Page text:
Bailey said: “I share my father’s sentiments. It took a long time before we noticed the statue.

“I wish it was under better conditions; especially with Covid-19 and the protests over Black Lives Matter. It’s now or never. We need to fix some mistakes that we made in history. We should remove it.

“I think the First Peoples should advise on what should be done with it. They were the first ones to feel the hurt. Their opinion should be more valid in this situation. This was their land. They were subjected to genocide (destruction of an entire people). History taught us he rediscovered Trinidad.”

Bailey paid kudos to his father for having the foresight to sing about the issue.

“Shadow became a voice for a lot of us. We have such a rich history in Trinidad and Tobago. Where is the Kwame Ture monument? Columbus is not important. He can be torn down,” he said.

‘We should still

thank him’

Port of Spain businessman Stokely Phillip, whose bakery is located obliquely opposite Columbus Square, said yesterday: “Columbus seemed to be a genuine seafarer. He was a scientist. We should still thank him for his contribution in discovering us.

“I don’t have a personal grouse. Yes we had the First Peoples. Having a statue in somebody’s name should not be reminder of oppression and evil. A statue should glorify something that is positive. What is Columbus statue showing us?

“Maybe it’s time for a change. We had Independence Square, and now it’s Brian Lara Promenade. People will remember we had a great cricketer. Independence Square was known as King Street. If you go by FCB on Chacon Street, there is still a small King Street. We thank him for discovering us. We need our own symbols and statues.”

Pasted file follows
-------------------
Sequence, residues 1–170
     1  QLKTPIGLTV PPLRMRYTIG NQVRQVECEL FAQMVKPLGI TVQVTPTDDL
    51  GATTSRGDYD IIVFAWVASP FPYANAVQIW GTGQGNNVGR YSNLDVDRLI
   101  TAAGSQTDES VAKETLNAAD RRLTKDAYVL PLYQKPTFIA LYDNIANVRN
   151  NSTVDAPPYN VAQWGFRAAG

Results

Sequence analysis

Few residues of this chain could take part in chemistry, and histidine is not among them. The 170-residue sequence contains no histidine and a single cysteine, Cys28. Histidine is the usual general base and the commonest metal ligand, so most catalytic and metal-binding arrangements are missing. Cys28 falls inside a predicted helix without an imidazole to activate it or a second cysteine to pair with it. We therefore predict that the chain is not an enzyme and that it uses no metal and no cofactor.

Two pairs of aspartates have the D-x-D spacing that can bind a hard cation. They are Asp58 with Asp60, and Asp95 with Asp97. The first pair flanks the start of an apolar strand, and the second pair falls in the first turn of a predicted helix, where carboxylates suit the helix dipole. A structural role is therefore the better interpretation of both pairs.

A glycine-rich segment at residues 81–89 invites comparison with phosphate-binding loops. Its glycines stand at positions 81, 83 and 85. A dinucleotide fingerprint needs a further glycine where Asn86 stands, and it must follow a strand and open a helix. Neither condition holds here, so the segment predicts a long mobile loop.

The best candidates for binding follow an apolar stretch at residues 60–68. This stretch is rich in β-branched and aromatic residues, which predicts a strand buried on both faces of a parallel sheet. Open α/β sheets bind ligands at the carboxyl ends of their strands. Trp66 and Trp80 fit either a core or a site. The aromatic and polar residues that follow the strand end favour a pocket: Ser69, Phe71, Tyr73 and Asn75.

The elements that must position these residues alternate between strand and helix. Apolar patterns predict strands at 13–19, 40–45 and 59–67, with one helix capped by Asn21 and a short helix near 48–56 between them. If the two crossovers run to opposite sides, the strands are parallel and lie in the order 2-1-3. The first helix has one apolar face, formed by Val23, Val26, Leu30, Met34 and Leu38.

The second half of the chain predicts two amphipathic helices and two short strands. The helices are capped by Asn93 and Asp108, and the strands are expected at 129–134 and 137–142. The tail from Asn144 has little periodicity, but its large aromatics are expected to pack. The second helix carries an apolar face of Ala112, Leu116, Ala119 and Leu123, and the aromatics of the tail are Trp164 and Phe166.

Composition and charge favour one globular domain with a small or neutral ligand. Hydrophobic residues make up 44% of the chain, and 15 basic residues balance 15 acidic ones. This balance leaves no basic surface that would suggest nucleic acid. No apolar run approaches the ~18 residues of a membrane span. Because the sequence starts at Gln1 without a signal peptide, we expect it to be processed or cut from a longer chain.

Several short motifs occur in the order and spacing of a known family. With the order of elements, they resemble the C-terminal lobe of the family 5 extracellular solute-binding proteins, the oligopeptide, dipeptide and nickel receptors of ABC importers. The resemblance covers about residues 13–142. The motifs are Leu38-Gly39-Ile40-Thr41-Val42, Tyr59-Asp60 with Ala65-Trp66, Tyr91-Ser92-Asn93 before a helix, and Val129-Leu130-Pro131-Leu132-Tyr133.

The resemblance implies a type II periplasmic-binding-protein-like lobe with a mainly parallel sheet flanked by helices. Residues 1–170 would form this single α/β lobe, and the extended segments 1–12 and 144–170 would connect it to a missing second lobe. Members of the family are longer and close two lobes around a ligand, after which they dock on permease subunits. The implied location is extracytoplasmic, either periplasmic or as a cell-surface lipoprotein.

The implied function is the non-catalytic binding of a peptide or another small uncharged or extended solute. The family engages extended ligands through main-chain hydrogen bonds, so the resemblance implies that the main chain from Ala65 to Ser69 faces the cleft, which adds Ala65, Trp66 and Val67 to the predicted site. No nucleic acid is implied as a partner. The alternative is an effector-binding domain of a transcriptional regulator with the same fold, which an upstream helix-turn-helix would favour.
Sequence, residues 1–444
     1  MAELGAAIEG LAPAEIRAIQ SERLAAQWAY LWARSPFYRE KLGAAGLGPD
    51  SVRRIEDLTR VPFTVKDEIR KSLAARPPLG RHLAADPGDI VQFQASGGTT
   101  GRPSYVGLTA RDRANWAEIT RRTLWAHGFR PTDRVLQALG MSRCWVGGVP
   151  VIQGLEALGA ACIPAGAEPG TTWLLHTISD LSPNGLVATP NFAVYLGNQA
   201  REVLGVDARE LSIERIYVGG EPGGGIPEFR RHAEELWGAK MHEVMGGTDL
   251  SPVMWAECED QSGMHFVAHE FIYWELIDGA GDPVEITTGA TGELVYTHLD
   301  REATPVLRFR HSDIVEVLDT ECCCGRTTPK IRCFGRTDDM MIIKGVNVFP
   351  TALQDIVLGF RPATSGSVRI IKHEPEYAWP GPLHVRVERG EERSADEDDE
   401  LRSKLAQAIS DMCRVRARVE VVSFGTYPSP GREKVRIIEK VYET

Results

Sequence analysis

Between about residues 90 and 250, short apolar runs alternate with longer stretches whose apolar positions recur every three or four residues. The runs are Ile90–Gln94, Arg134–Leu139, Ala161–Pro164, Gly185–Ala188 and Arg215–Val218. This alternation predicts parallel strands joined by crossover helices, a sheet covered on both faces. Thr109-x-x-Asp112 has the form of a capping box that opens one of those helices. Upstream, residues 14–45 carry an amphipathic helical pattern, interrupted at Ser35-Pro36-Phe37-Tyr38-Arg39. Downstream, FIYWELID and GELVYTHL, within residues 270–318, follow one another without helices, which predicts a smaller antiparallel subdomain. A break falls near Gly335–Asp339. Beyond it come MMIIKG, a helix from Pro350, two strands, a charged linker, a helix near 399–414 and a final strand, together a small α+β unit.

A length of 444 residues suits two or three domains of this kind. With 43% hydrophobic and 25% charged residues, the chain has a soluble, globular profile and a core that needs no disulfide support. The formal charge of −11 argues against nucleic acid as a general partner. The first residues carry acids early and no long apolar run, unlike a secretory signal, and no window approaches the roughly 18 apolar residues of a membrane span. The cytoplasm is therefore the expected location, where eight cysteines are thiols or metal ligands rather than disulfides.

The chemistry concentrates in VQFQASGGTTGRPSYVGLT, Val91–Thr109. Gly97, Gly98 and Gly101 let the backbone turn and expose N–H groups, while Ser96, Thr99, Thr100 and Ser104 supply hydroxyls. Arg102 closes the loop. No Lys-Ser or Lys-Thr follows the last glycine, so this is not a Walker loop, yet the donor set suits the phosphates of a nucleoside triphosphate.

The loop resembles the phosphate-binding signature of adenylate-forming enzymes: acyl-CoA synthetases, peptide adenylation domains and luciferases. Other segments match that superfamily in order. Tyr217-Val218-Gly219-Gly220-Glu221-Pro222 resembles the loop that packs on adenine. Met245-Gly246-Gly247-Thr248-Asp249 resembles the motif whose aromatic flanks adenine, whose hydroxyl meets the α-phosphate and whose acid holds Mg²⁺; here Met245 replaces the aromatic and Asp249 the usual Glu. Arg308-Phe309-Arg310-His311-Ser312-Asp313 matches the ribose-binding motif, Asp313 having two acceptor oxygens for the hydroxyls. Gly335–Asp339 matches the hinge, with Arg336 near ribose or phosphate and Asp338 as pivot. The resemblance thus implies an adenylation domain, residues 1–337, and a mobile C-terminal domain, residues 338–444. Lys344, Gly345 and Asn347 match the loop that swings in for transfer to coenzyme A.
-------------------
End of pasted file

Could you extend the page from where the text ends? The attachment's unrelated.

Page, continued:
Reflecting on his late father, Phillips said: “He pitched marbles in that square. It would be strange for him to see it removed but I would like it to be removed in my time.”

Dangerous trend

Meanwhile, former prime minister Basdeo Panday has lamented “chauvinism was taking hold”.

“It is a dangerous trend in the society. People should not forget the lessons of the past and try to wipe it out. They should try to understand it, and use the mistakes of the past to build a better society.

Why would people want to wipe out their history? If you forget your history, you lose your whole identity? I think that is stupidity. Statues have their own aesthetic appeal. They draw tourists,” he said.


THE Fédération Internationale de Football Association (FIFA) followed through with its threat by yesterday suspending the Trinidad and Tobago Football Association (TTFA) from international football, for failing to meet a 3 p.m., September 23 deadline to withdraw a High Court claim brought against the world body by former TTFA executives.

TRINIDAD and Tobago’s active Covid-19 cases now number 2,121 people, the Ministry of Health has reported.

According to the ministry’s evening update yesterday, the number of people who have died from the novel coronavirus remained at 67.

Police are still searching for kidnapped victim Mary Ali.

Ali, 67, Juteram Street, Sangre Grande, is the co-owner of Co$$ Cutters Supermarket along with her son Anil Ali.

The supermarket is located at George Street in Sangre Grande.

Thirty-two persons, suspected to be illegal immigrants, were detained yesterday morning for breaching the Public Health Ordinance Regulations.

At about 1 a.m. yesterday, police received a report that there was a public gathering at a sports bar along the Southern Main Road, Curepe.

Despite heavy criticism levelled against Commissioner of Police Gary Griffith following the seizure in an estimated $22 million from a home in La Horquetta on Tuesday, he says he is unfazed, and will simply continue to do his best to serve citizens of this country.